- Share this article on Facebook
- Share this article on Twitter
- Share this article on Email
- Show additional share options
- Share this article on Print
- Share this article on Comment
- Share this article on Whatsapp
- Share this article on Linkedin
- Share this article on Reddit
- Share this article on Pinit
- Share this article on Tumblr
He gave me my first role — I think I was 22 — so I always feel like I owe him everything. I was such a big fan of The Last Tango in Paris — I had the poster in my room — that I was desperate to get the part in his movie. And maybe it’s because it was my first film, it was probably one of my best experiences. We used to go to his house every weekend, and Bernardo would tell us stories about the movies he’s made, about music and art in the 1960s. He was so kind and generous and sort of a father figure.
I always called him the Little Buddha. There was something very wise about him, with his very naughty, mischievous but kind eyes. I learned so much from him. He was very open to the unexpected, to the spontaneous. For example, we had a scene in the kitchen and my hair caught on fire. And [my co-star] Michael Pitt kind of jumped on my hair and stopped the fire. Bernardo just kept filming. If you look at the movie really carefully, you can see my hair on fire for a second.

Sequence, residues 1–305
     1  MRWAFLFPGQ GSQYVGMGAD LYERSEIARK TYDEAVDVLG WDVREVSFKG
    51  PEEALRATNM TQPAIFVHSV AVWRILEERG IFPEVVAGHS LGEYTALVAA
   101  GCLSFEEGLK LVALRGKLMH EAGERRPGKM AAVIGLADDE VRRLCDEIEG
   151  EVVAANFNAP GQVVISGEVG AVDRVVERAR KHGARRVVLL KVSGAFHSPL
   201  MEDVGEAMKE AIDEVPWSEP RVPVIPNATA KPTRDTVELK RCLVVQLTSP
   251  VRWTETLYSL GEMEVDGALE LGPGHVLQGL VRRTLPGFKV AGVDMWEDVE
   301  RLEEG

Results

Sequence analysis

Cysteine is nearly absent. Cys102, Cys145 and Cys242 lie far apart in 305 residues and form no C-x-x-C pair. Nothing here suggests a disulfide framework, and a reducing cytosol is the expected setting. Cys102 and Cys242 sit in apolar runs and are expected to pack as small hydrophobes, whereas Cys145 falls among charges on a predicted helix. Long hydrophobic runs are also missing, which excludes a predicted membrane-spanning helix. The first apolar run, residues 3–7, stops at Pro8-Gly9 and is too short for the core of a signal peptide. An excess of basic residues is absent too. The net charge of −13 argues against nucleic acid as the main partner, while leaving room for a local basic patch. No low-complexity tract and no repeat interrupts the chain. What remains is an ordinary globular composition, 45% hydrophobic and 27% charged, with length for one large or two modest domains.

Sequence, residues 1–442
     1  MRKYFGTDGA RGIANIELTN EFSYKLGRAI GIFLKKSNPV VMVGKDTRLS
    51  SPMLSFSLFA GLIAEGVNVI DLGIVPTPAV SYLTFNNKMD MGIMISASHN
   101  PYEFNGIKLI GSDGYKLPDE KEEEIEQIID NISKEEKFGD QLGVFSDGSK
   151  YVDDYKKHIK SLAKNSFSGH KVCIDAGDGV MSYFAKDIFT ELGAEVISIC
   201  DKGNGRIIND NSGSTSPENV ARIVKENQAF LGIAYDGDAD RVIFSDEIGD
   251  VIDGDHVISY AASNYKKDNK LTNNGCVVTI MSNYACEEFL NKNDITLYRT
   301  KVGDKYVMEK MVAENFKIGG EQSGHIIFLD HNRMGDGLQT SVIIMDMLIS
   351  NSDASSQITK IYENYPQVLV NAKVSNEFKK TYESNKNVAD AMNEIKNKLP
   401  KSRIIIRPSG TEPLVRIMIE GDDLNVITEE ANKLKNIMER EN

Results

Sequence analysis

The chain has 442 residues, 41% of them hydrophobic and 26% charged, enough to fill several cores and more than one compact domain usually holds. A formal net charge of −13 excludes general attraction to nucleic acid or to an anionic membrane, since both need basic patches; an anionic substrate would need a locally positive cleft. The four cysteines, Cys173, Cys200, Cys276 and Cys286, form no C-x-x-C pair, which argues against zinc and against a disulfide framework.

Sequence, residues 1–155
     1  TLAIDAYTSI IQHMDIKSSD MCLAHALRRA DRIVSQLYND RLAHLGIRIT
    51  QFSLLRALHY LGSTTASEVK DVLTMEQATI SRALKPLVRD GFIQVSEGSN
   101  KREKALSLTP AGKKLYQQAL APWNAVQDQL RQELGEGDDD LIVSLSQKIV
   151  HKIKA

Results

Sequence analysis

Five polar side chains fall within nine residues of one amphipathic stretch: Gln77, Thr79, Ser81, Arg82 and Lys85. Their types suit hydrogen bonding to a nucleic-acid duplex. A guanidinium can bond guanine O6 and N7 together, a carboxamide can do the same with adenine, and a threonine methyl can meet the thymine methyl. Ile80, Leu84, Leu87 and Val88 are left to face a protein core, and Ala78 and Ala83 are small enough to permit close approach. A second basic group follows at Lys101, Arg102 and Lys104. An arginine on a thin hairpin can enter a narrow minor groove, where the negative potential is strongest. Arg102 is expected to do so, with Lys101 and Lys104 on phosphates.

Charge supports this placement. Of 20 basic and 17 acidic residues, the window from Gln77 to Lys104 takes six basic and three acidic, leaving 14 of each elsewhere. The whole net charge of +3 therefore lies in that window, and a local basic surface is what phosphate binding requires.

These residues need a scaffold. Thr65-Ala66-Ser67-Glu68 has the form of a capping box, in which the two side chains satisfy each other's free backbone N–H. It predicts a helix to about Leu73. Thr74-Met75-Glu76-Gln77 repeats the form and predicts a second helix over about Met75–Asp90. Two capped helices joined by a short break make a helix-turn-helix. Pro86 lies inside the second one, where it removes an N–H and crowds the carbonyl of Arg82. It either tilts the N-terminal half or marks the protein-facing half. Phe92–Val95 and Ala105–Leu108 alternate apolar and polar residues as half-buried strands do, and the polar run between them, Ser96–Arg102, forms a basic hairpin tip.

Because it was my first movie [my parents] were worried. They thought I would be damaged because there were stories about what happened to Maria Schneider on The Last Tango. But I met Bernardo for a few screen tests and I liked his vibe.
I do not want to undermine Maria Schneider’s experience. I’m sure she really suffered. But as for my own experience, he was always a gentleman. Very respectful. He knew how nervous I was about the sex scenes but he never pushed me. He just let us do things. There was never anything odd. There are so many worse directors — he was just a wonderful person and maestro.
Sign up for THR news straight to your inbox every day